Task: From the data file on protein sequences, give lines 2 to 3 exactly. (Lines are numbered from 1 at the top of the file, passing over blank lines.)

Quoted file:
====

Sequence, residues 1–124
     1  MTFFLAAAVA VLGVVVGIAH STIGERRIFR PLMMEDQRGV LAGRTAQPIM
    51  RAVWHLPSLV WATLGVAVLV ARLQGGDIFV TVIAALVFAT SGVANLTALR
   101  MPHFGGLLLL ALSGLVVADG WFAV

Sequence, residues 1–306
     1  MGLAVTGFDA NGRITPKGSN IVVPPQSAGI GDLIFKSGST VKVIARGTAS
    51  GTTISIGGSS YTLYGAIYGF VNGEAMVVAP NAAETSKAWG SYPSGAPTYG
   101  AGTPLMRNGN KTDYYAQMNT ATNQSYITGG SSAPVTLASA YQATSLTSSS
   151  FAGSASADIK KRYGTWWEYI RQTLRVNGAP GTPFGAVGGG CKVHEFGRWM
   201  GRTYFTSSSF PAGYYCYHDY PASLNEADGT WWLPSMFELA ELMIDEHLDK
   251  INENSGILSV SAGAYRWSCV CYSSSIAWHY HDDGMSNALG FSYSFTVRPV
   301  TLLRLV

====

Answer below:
     1  MTFFLAAAVA VLGVVVGIAH STIGERRIFR PLMMEDQRGV LAGRTAQPIM
    51  RAVWHLPSLV WATLGVAVLV ARLQGGDIFV TVIAALVFAT SGVANLTALR